I have put down some information that might be helpful with your decision to teach in Thailand or not. If you really want to make a difference by being a teacher and have a great time traveling and seeing a beautiful and friendly country then you are in the right place.
TEFL, TESOL, ESL Certification
These terms have been and continue to be somewhat confusing at best but I will endeavor to explain as best I can.
So what is the difference between TEFL, TESL, TESOL, and CELTA courses? First let’s look at what they are and then explore some differences.
- TEFL (Teaching English as a Foreign Language) course: This course prepares teachers to teach English in a country where English is not the primary language. If I were going to teach in Thailand for example.
- TESL (Teaching English as a Second Language) course: This course prepares a teacher to teach in an English speaking country to students whose first language isn’t English. I, being in The USA, can teach English to students, living in The USA who want to learn English.
- TESOL (Teaching English to Speakers of Other Languages) course: This course includes both TEFL and TESL and can mean either one or both. TESOL prepares a teacher to teach any student or students whose native language isn’t English. If I have a TESOL certification I can teach any student learning English in most any country, English speaking or not.
Even though these are different they are often used interchangeably. Even though they all mean different things many people (including myself) use them all the same way. TESOL and TEFL are the most common terms used when speaking of teacher training courses, however, TESL gets gets used as well. Some people stick to the rules though and use them according to their actual meanings. For our purposes we are going to lump them all together and call them TESOL.
- CELTA (Certificate in Teaching English to Speakers of Other Languages) course: This is a specific brand of TESOL course operating under the umbrella of Cambridge University. Think of TESOL as the type of product and CELTA as a specific brand. The CELTA course is the most well known and some consider it the most respected of TESOL courses.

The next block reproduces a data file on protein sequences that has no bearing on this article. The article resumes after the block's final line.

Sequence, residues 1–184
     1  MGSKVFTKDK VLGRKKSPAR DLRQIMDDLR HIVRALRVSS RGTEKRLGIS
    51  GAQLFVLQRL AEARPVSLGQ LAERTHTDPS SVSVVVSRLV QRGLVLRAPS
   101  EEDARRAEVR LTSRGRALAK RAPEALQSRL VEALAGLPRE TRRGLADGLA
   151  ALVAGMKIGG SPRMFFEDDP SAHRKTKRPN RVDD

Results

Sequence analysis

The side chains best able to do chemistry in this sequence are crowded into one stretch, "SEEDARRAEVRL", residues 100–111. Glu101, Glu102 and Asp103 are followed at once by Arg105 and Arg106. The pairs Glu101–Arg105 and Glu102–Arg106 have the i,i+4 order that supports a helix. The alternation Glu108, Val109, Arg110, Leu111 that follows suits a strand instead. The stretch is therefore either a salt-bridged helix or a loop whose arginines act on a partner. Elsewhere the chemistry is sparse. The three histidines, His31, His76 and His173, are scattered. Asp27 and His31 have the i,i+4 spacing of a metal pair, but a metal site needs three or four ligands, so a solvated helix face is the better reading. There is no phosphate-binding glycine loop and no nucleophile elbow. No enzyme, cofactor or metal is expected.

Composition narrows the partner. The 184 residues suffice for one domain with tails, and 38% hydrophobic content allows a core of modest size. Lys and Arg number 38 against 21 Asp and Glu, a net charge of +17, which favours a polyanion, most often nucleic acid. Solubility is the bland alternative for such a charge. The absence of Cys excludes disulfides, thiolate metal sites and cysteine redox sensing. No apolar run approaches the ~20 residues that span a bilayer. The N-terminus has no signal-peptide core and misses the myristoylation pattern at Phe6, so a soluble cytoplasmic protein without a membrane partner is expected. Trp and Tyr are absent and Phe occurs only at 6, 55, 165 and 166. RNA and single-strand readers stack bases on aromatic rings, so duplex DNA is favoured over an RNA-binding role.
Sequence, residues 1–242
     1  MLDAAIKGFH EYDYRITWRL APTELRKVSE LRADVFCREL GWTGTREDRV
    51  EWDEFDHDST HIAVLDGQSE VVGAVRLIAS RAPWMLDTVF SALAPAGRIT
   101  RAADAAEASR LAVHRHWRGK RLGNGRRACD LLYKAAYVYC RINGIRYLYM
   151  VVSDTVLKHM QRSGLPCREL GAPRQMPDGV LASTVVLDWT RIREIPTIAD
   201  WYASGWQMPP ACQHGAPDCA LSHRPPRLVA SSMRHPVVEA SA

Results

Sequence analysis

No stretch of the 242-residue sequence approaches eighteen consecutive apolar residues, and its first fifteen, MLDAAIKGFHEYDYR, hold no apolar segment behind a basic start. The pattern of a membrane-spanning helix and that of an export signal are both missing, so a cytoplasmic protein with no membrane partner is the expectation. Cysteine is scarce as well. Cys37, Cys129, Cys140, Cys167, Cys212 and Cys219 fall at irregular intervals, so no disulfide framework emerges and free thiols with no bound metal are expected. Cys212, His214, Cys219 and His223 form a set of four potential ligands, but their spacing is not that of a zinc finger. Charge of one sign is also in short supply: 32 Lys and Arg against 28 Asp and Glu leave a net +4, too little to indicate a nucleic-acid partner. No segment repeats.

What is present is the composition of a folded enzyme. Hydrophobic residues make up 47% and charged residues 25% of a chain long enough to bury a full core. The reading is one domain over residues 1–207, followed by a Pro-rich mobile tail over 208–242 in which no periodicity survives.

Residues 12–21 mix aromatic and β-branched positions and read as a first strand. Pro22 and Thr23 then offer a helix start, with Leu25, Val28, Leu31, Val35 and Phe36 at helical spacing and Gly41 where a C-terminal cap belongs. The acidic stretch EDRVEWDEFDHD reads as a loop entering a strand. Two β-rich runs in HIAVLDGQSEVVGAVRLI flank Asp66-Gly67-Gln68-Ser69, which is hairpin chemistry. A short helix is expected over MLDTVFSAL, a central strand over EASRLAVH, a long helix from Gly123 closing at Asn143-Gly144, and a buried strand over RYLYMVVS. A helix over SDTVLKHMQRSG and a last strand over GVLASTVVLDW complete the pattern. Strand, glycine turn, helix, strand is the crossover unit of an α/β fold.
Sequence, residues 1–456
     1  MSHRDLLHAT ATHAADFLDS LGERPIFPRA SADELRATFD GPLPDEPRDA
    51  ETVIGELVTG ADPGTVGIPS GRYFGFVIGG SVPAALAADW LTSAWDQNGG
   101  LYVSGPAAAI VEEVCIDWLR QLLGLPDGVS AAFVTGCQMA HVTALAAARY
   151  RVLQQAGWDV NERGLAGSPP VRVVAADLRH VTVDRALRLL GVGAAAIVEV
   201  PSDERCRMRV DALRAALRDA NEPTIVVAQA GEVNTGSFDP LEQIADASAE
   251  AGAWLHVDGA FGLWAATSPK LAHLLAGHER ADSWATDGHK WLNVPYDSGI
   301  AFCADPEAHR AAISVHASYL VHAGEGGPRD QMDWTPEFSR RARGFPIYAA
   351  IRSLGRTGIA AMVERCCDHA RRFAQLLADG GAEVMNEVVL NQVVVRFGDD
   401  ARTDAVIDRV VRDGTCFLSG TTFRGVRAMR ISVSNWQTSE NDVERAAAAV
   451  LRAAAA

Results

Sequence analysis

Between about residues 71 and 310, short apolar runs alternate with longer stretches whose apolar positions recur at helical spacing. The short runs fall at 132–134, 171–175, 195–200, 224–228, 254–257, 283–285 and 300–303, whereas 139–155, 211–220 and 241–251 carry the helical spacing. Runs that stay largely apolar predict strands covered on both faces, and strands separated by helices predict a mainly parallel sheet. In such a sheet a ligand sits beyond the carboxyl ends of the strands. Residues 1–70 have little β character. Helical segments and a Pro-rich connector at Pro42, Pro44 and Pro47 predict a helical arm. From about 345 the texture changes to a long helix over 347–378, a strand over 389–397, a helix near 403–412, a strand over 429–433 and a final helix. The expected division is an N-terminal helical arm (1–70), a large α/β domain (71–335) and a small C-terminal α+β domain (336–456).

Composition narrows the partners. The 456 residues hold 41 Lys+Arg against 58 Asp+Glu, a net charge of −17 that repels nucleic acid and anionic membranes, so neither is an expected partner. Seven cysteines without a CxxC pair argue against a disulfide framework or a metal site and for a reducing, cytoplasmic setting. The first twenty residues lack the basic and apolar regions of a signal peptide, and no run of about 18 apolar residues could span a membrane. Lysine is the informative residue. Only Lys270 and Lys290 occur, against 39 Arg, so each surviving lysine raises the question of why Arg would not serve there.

There are basically 2 ways to take a TESOL course, online and at a school in a classroom. Many certification agencies have schools in country. Such as the one that I received my certification from. I attended a course in Phuket, Thailand. It was a 4 week course for 120 hours of teaching that included 10 hours of actual classroom experience. Although this was quite intense the time in Thailand was great. However, the cost was a bit high as between the course and the transportation over the cost was in excell of $3,000 USD. Which brings me to the Online service.
If the cost of attending an in-country classroom course is a bit steep, then perhaps an "online course" would be better for you. There are and abundance of courses available online for prices that also vary greatly (depending on quality) from $200 to $4,000 USD, but generally less than the CELTA courses. On Average about $1,400 USD.
Here are some links to a few of the schools that have a high rating and years of experience:
Much-a-do about Thai Visas
Thai Visa’s have always been somewhat of a subject of controversy with those wanting to go to Thailand and/or those currently living in Thailand. The Thai laws are more than a bit different than those in the USA and other European countries. The Thai Immigration is always changing and updating and/or re-enforcing laws that have become lax.
I have included an excerpt from the US Passports & International Travel web page as follows:
If you are a U.S. citizen tourist staying in Thailand for fewer than 30 days, you do not requi
re a visa to enter the country, but your passport must be valid for at least six months beyond the date of your entry into Thailand. Thai immigration officials may ask for your onward/return ticket, and airlines may ask for this information when you book or check in. If you are a tourist entering Thailand by air or land without a visa, you are allowed to stay in Thailand for 30 days per visit.